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Calls to Break Up Big Banks Again Uncalled For

As Republicans gather for their National Convention this week, there is a brouhaha going on over the party considering resurrecting the infamous Glass-Steagall Act.

The thought of the conservative party bandying about this liberal idea has many perplexed.

Many are chalking up the Glass-Steagall Act talk as political fodder during this intensely charged election year.

No matter, this particular fodder puts banks, particularly big banks, back in the lime light. So let’s look at how they’ve fared since Glass-Steagall was put to bed years ago. We have to look no further than the earnings reports from banks for the second quarter. They began reporting them last week.
 

 · What is Glass-Steagall?

 
In 1933, the Glass-Steagall Act was signed in to law as an emergency response to the thousands of banks that were failing during the Great Recession. Specifically, the act broke up the banks’ businesses, separating the commercial and investments sides.

The law was eventually repealed in 1999 as part of a bill signed by then-President Bill Clinton. Taking its place was the Gramm-Leach-Bliley Act, which requires financial institutions that offer consumers financial products or services like loans, financial or investment advice, or insurance to explain their information-sharing practices to their customers and to safeguard sensitive data.

The thought of Glass-Steagall making a comeback does not sit well with banks. They dislike anything that seeks to break up their businesses because of the impact on their top and bottom lines. Glass-Steagall’s restrictions are seen by banking observers as having an overall negative effect on not only the banks, but also the economy.
 

 · The Big Banks

 
While lawmakers may think they know what’s best for the big banks, the leaders of these institutions think otherwise. Furthermore, their vast improvements from their financial lows of 2008 seem to be behind them.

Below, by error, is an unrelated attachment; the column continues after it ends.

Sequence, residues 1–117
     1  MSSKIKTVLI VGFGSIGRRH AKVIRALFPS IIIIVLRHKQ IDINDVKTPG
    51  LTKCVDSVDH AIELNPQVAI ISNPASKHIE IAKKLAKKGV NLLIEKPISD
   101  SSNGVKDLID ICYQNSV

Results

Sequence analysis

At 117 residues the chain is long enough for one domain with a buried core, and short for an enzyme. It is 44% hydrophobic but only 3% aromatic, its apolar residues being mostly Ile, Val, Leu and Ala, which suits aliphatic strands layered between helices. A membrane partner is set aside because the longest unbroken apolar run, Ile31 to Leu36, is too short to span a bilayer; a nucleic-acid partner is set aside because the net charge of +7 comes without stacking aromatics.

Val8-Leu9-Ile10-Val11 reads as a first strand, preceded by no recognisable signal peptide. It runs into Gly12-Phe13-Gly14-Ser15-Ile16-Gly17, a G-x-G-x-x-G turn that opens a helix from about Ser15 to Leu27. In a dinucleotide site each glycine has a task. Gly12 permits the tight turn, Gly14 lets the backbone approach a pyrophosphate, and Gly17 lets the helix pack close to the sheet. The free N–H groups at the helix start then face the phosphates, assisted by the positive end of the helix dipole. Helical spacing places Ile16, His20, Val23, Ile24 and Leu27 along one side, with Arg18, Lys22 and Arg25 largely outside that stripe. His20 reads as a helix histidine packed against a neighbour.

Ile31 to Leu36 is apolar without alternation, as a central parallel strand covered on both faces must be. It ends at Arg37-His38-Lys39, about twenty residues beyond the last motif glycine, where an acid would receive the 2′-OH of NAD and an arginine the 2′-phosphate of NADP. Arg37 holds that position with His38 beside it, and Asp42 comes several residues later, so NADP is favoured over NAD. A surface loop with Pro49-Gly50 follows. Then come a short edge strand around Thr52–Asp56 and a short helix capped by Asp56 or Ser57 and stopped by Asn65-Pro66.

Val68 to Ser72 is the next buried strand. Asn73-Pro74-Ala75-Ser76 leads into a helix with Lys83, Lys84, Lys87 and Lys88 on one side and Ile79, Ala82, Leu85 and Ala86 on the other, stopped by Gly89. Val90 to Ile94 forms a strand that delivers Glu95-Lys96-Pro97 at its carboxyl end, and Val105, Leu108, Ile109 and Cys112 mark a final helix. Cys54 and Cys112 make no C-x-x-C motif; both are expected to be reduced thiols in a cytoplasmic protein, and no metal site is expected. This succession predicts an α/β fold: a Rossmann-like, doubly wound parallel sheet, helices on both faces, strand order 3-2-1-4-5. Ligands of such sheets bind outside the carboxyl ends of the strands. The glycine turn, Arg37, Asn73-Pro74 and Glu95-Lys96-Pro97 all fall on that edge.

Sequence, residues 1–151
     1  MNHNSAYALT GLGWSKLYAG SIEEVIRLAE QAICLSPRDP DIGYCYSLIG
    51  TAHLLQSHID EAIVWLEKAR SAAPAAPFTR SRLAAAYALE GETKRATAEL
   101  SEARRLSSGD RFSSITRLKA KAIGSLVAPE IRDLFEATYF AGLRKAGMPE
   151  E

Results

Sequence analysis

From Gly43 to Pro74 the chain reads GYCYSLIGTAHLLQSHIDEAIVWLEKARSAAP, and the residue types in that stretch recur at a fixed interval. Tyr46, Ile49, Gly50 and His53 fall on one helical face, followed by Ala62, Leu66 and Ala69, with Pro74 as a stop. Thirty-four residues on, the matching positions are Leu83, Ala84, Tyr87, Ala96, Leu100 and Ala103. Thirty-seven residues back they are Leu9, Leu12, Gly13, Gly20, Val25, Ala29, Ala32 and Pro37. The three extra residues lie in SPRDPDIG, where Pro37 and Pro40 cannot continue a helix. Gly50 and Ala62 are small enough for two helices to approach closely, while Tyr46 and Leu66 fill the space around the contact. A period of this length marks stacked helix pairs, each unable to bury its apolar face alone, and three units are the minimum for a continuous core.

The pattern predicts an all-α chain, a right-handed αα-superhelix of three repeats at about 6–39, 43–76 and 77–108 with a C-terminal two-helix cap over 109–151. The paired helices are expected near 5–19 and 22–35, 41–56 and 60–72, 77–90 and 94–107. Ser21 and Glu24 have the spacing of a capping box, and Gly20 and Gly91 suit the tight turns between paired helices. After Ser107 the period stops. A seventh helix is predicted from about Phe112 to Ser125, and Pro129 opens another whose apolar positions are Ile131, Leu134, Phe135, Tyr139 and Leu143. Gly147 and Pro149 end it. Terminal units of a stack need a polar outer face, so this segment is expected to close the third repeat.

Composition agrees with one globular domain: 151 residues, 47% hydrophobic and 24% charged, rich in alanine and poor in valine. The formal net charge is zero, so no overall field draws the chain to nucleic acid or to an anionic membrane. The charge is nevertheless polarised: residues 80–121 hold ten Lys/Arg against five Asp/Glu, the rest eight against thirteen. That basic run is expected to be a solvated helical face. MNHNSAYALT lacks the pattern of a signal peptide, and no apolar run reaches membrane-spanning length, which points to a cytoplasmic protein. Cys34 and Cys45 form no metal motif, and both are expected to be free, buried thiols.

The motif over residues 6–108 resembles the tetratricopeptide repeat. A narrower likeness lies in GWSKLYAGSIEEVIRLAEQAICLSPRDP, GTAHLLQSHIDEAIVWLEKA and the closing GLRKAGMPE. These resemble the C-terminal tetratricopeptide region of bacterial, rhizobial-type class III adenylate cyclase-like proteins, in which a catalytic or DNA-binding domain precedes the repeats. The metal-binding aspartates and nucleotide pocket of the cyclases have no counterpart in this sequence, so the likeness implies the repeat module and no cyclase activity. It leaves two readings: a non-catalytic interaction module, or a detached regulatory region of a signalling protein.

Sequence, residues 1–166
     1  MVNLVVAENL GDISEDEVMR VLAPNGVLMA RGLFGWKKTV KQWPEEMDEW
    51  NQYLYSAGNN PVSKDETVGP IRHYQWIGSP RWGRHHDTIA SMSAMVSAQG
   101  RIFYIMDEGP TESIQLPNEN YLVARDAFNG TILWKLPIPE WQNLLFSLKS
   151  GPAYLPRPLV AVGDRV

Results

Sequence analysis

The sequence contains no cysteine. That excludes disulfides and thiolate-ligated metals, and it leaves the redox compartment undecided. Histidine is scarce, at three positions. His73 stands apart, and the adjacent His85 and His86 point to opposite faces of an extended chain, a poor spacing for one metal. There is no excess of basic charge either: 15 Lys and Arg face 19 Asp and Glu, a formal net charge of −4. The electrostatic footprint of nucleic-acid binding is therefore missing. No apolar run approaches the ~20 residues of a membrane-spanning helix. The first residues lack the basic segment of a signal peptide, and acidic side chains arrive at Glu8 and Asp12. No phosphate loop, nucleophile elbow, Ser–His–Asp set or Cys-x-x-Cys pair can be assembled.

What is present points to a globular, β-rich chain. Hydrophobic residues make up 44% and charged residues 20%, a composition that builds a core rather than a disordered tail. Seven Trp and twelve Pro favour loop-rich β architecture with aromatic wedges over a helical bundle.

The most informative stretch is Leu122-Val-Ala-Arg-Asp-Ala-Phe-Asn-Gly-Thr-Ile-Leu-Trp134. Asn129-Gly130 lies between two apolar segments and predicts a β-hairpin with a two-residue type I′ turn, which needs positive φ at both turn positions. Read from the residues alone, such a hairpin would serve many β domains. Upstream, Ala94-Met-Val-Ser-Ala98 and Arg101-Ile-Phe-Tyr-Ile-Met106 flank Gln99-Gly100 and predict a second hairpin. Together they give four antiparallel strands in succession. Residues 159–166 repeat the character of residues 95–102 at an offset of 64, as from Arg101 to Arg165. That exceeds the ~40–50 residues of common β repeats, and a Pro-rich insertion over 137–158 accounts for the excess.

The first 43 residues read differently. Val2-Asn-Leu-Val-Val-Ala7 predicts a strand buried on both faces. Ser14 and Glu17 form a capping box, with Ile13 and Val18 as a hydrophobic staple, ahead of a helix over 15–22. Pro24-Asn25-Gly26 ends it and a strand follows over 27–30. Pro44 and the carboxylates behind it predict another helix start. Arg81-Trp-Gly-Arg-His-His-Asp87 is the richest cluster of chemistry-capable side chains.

Take their earnings reports that have been released so far this year. For the second quarter, Bank of America (NYSE: BAC) Citigroup (NYSE: C) and JPMorgan Chase (NYSE: JPM) have all posted better-than-expected results.

That does not mean they are out of the woods, as there are many overhangs that remain as concerns. There are concerns about growth in the global economy, especially in light of Brexit. There is also the question of when or if the Federal Reserve will raise interest rates. Oil price volatility only aggravates the situation.

Banks must also deal with mortgage banking fees that are not expected to improve marginally due to low mortgage rates.
 

 · Well positioned to deal with another crisis

 
We told you last month about how the big banks could withstand a financial crisis like the one that slammed the industry in 2008.

Specifically, we noted a scenario entailing global recession in which the unemployment rate soared five percentage points, and there was a heightened period of financial stress, and negative yields for short-term U.S. Treasury securities. Even in such a calamity, the big banks survive.

This was determined by the Federal Reserve through the 2016 bank stress tests. The Fed noted that the above “severely adverse” scenario projected that loan losses at the 33 participating bank holding companies would total $385 billion during the nine quarters tested, and that would be sustainable.

The tests marked the sixth round of stress tests led by the Federal Reserve since 2009 and the fourth round required by the Dodd-Frank Act.

The act, and its facets such as the stress tests, is sufficient enough to monitor banks’ management of their finances.

Banks may continue to be challenged by the current operating environment, but they have proven their resilience. Their improved finance controls help to mitigate the need to break them up.





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